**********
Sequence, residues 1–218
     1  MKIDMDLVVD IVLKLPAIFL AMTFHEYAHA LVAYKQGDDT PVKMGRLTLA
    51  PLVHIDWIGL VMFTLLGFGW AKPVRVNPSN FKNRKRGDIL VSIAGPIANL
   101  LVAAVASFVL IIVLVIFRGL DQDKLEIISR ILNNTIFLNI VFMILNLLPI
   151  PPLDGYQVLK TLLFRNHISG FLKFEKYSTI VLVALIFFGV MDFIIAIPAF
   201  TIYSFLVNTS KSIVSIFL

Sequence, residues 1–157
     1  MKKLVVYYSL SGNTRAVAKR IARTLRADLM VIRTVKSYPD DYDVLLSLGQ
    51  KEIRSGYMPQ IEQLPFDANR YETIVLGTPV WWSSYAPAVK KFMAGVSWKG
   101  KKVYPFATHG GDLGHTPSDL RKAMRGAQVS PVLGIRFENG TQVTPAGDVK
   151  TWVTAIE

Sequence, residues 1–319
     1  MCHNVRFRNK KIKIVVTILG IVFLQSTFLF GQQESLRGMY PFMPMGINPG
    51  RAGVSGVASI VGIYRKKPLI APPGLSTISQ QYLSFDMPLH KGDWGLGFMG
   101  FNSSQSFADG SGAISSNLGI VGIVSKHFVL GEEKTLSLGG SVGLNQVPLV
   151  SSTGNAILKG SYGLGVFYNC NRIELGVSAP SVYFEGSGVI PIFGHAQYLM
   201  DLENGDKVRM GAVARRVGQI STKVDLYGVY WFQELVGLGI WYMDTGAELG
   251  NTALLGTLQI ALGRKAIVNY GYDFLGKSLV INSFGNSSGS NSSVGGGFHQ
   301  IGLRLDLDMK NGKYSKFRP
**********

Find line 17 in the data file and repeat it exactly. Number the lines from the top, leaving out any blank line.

   201  DLENGDKVRM GAVARRVGQI STKVDLYGVY WFQELVGLGI WYMDTGAELG